It's not so much the absolute levels, but rather the presence of a normal distribution that I feel important.
Cuenca is not the only doc whose worked on this.
Biol Trace Elem Res. 1988 Jul;16(2):151-4.
Bromine levels in human serum, urine, hair. Short communication.
Cuenca RE, Pories WJ, Bray J.
Department of Surgery, East Carolina University School of Medicine, Greenville, NC 27834.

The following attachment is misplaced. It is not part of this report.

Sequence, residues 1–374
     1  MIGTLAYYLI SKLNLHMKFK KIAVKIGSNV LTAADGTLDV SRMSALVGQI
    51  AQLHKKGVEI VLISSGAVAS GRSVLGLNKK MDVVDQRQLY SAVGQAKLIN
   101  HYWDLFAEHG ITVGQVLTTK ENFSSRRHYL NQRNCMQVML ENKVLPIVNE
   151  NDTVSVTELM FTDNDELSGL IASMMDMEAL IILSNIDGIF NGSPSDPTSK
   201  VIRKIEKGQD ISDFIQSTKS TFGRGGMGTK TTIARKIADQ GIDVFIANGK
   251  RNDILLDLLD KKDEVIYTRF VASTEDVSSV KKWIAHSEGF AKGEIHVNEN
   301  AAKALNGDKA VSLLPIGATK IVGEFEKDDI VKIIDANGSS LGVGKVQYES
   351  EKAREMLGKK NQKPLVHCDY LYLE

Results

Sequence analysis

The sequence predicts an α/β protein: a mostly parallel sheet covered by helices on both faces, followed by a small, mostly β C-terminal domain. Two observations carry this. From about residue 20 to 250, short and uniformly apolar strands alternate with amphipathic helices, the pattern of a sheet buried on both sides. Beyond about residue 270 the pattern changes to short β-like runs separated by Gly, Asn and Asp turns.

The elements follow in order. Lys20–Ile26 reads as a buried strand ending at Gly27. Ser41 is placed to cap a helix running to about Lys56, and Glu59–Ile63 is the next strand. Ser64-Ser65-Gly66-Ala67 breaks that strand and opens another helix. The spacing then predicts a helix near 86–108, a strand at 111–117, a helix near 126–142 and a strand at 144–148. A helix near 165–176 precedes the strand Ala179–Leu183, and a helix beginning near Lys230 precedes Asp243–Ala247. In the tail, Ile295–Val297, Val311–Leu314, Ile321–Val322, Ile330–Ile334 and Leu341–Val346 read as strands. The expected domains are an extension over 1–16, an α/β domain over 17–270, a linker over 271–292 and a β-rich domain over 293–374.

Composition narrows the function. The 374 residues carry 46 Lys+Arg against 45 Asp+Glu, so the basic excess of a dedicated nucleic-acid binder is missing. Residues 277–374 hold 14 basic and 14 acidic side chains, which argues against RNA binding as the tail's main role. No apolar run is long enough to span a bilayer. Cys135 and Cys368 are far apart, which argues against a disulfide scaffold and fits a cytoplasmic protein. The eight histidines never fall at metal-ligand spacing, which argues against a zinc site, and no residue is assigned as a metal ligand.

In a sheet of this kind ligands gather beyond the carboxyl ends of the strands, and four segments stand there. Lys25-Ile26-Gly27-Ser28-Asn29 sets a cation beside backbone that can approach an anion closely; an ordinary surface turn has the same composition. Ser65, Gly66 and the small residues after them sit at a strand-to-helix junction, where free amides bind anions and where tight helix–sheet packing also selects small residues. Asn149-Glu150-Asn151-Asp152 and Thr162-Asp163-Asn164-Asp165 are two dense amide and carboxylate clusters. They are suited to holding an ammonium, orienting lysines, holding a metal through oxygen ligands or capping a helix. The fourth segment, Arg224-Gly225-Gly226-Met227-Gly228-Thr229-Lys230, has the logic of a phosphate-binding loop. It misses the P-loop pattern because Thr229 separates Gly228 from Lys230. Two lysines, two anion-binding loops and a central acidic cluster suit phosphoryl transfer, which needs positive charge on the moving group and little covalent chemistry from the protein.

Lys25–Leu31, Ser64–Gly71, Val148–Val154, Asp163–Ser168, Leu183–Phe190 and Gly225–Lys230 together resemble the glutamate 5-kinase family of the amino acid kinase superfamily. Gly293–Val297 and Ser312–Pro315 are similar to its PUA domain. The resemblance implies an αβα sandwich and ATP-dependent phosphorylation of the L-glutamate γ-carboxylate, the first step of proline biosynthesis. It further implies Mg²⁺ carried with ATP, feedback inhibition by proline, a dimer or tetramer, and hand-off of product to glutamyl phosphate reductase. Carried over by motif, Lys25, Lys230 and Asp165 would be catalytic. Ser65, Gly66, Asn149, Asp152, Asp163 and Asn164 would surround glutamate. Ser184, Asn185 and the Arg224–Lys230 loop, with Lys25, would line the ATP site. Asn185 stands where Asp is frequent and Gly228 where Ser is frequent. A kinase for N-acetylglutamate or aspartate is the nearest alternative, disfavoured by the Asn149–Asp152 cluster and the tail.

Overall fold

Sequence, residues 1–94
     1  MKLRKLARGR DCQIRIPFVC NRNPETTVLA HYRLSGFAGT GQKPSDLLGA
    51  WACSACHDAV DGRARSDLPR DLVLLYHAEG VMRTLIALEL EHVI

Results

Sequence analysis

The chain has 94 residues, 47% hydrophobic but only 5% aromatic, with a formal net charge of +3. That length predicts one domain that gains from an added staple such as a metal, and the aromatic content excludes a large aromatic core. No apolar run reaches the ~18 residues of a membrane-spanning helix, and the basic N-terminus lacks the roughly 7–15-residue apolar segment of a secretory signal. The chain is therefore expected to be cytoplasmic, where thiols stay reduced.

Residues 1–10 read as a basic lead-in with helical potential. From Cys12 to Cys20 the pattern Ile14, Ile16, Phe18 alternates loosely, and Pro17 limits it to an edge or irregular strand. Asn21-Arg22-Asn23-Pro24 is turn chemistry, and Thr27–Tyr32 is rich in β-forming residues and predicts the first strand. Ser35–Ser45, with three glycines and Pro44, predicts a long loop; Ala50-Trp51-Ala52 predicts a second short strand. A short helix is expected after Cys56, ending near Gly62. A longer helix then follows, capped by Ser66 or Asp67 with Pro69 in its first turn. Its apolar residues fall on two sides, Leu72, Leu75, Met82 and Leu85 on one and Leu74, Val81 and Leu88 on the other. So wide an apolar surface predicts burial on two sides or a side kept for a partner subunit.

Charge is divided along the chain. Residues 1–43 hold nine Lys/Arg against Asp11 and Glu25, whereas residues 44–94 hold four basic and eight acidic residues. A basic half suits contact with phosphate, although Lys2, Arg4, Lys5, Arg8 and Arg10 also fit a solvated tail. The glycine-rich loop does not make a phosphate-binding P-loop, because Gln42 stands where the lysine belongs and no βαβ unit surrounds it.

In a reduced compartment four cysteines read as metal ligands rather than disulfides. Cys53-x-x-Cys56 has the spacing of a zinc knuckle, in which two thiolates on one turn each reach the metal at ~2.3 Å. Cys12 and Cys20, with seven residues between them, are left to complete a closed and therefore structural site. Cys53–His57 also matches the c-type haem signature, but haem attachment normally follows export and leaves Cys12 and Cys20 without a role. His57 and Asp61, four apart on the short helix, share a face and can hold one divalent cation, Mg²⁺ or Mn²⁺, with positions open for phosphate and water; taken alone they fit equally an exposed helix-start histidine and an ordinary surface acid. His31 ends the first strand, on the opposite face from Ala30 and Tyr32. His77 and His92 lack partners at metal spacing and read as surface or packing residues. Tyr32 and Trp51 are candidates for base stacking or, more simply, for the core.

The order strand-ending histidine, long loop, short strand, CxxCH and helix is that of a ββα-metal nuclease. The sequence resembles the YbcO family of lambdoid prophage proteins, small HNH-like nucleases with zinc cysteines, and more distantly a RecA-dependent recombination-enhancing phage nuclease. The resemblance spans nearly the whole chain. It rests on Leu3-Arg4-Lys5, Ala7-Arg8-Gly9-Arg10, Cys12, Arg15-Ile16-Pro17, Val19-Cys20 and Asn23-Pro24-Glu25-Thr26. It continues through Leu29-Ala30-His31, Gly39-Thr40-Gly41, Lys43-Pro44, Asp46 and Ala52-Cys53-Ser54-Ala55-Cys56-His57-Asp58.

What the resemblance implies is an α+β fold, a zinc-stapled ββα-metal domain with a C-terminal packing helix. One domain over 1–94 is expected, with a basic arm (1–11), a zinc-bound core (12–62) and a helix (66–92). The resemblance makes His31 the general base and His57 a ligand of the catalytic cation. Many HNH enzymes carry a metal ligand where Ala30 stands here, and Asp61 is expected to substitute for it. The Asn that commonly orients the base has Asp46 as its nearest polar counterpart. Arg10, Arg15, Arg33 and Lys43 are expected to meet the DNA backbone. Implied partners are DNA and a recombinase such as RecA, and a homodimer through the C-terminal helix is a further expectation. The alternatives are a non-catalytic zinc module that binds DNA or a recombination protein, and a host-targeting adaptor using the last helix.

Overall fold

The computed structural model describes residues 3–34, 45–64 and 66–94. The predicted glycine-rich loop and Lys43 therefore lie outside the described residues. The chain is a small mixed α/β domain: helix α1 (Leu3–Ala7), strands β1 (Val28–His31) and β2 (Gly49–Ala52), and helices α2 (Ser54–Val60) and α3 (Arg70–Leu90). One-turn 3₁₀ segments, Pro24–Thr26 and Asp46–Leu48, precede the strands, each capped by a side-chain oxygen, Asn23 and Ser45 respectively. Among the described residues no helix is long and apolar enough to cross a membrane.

Much is known about the essentiality of the halogens fluorine (F), chlorine (Cl), and Iodine (I), but very little has been discussed with respect to bromine (Br). As a member of the halogen family its chemical properties are comparable to those of other halogens, but its presence has been masked by the presence of I and Cl in chemical analyses. By virtue of new technology and a special computerized machine called the Kevex Model 0600 Energy Dispersive X-Ray Induced X-Ray Fluorescence Spectrometer (EDXRF), we can specifically identify bromine in different compartments and verify its concentration accurately. In order to establish standard values of Br concentrations and evaluate the nature of its presence in humans, samples of serum, urine, and hair were collected from ten healthy adult males and analyzed for bromine content. Our samples had normal distributions, with serum bromine levels ranging from 3.2 to 5.6 micrograms/mL, urine levels between 0.3 to 7.0 micrograms/mL, and hair levels determined from 1.1 to 49.0 micrograms/mL. These levels, especially those of serum bromine, have been encountered by other examiners whose samples also had normal distributions. These findings suggest to us that bromine may well be an essential trace element, as are its other halogen family members.